SPRINGFIELD - Mandatory kindergarten for five year olds is what State Senator Kimberly Lightford told Chicago Tonight's Phil Ponce she's working towards, and as soon as she gets the state's compuslory school attendance age down to 5, she plans to look into why homeschoolers aren't registered in Illinois.
Lightford, noted as the senator that asked homeschooling moms "how they could stand to be home with their kids 24 hours a day" at a 2011 Senate Education hearing, has filed SB 1307, to be heard in the Senate Education Committee. Lightford's bill would force all 5 year olds to attend school. The state's current compulsory attendance law allows parents oversight to delay formal schooling until age 7.
LIghtford said Monday night on Chicago Tonight children that start school earlier do much better in life, despite latest findings on the failure of Head Start - the federally-funded program for "at risk" preschoolers. The Department of Health and Human Services' latest study showed in December that by third grade, there was no difference in development between children who had been through the federal Head Start program and those children that stayed home with loving mommies, daddies or caretakers.
Those findings raise the question: Is this the best time for financially-strapped Illinois to embark upon mandatory kindergarten?
Heritage Foundation studied the Head Start findings and found billions of federal tax dollars has been wasted on Head Start, despite Senator Lightford's push for Illinois' 5 year olds, accompanied by President Obama's push for universal preschool for 3 year olds. Heritage found:
The third-grade follow-up to the Head Start Impact Study followed students’ performance through the end of third grade. The results shed further light on the ineffectiveness of Head Start. By third grade, Head Start had little to no effect on cognitive, social-emotional, health, or parenting outcomes of participating children.
Impacts on Cognitive Development. For cognitive development, the third-grade study assessed 11 outcomes for the original three- and four-year-old cohorts. Access to Head Start for each group had no statistically measurable effects on all measures of cognitive ability, including numerous measures of reading, language, and math ability.
Impacts on Social-Emotional Development. For social-emotional development, the third-grade study assessed 19 outcomes for each cohort. For measures of parent-reported social-emotional outcomes, access to Head Start for the three-year-old cohort failed to affect four of the five measures. For this cohort, Head Start failed to affect four measures of parental-reported problem behaviors. However, access to Head Start yielded a slight beneficial impact on children in the areas of social skills and positive approaches to learning.
For the four-year-old cohort, access to Head Start failed to affect four of the five parent-reported social-emotional outcomes. For the four-year-old cohort, access to Head Start is associated with a small decrease in aggressive behavior. However, access to Head Start for this cohort failed to affect parental reports of hyperactive, withdrawn, and total problem behaviors. In contrast to the finding for the three-year-old cohort, access to Head Start failed to affect children displaying better social skills and positive approaches to learning.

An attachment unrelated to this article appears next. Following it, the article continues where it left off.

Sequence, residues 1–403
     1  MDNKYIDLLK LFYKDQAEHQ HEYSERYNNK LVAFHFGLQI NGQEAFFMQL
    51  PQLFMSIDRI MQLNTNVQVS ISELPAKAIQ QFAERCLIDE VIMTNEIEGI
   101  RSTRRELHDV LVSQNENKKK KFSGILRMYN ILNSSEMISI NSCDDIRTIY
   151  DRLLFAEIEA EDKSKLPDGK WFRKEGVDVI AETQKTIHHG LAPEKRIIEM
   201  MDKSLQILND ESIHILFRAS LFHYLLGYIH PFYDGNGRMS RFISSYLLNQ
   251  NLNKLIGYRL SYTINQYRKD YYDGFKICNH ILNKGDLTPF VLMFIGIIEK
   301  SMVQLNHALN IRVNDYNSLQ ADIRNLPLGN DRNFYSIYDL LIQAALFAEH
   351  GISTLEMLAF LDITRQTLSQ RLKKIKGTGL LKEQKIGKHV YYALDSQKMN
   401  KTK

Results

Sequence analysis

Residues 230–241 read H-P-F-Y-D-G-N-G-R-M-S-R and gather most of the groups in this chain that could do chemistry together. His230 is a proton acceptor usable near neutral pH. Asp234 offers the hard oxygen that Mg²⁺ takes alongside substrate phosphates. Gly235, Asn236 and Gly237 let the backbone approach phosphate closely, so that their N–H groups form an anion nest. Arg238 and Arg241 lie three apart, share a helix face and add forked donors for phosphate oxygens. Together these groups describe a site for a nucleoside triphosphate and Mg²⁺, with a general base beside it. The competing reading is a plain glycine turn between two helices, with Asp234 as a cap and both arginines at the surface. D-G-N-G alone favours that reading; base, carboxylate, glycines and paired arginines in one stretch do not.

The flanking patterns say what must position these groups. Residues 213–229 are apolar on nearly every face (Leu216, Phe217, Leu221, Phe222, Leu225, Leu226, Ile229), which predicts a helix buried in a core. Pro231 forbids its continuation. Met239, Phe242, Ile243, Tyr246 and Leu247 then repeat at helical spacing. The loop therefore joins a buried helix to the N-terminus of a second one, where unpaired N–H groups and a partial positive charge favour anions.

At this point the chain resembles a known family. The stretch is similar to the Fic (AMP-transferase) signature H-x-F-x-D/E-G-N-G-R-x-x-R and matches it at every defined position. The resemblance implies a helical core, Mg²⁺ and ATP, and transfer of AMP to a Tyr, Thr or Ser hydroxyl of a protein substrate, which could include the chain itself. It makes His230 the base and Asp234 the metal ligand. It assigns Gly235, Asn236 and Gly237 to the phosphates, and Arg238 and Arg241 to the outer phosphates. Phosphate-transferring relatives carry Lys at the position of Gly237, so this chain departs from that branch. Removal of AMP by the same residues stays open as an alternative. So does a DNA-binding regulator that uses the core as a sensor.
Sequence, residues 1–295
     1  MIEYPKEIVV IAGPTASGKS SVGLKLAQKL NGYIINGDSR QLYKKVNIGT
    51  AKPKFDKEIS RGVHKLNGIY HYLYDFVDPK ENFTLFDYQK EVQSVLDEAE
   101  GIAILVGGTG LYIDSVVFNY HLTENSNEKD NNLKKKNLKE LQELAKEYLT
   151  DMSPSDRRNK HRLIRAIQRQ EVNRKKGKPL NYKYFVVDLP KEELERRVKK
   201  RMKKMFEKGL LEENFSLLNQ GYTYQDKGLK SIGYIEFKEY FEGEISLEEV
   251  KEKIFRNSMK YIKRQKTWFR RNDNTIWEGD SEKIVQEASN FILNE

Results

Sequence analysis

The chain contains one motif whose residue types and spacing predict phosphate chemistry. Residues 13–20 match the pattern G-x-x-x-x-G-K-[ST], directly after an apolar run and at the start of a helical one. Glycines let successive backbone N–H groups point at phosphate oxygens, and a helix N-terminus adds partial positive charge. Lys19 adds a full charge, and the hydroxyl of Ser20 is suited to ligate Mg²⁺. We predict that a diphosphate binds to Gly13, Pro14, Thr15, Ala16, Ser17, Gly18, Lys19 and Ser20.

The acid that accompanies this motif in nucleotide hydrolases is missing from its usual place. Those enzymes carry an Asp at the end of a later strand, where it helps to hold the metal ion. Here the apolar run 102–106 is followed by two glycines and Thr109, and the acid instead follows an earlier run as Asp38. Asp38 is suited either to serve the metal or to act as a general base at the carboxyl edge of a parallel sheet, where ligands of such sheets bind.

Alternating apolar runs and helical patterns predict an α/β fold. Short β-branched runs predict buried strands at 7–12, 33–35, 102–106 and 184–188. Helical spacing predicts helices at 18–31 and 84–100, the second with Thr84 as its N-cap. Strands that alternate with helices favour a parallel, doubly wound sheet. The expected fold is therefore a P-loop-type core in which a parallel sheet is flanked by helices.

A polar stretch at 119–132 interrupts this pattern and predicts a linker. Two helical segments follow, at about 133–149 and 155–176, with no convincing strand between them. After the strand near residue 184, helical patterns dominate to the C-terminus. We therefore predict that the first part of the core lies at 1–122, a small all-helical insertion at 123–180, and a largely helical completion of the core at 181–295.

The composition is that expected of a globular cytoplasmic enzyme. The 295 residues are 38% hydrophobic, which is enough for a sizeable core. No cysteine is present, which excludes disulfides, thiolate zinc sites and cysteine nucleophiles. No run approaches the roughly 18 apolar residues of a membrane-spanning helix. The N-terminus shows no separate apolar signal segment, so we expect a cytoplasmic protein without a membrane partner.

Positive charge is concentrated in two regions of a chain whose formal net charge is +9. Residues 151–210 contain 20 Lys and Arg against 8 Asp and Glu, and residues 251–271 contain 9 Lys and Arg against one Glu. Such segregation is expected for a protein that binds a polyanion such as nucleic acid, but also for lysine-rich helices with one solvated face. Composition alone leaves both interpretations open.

For third grade, access to Head Start had no statistically measurable effect on the 10 teacher-reported measures of social-emotional development for the three-year-old cohort. However, for the four-year-old cohort, out of 10 measures, access to Head Start is associated with one harmful impact.Teachers reported “strong evidence of an unfavorable impact on the incidence of children’s emotional symptoms.” Access to Head Start for this cohort had no beneficial or harmful impacts on the remaining nine teacher-reported measures.
For child-reported measures of social-emotional outcomes, access to Head Start had no statistically measurable effect on the four outcomes for the three-year-old cohort. On the other hand, access to Head Start for the four-year-old cohort appears to have had one harmful impact—children in the third grade with access to Head Start reported worse peer relations than their counterparts.
Impacts on Child Health Outcomes. For parent-reported child health, the study assessed five third-grade outcomes for each cohort. Access to Head Start had no statistically measurable effect on all five health measures for each cohort, including receipt of dental care, health insurance coverage, and overall child health status being excellent or good.
Impacts on Parenting Outcomes. For parenting outcomes, the third-grade study assessed 10 measures for both cohorts. Access to Head Start had no statistically measurable effect on nine of the 10 measures reported by parents and the two measures reported by teachers for the three-year-old cohort. However, parents of children in the three-year-old cohort with access to Head Start self-reported an improved authoritative parenting style (i.e., high control and high warmth) compared to their counterparts.
Similarly, access to Head Start had no statistically measurable effect on nine of the 10 measures reported by parents and the two measures reported by teachers for the four-year-old cohort. Differing from the three-year-old cohort, parents of children in the four-year-old cohort reported to have spent more time with their children than their counterparts in the control group.
Senator Lightford's SB 1307 has been moved to the Senate Education Committee.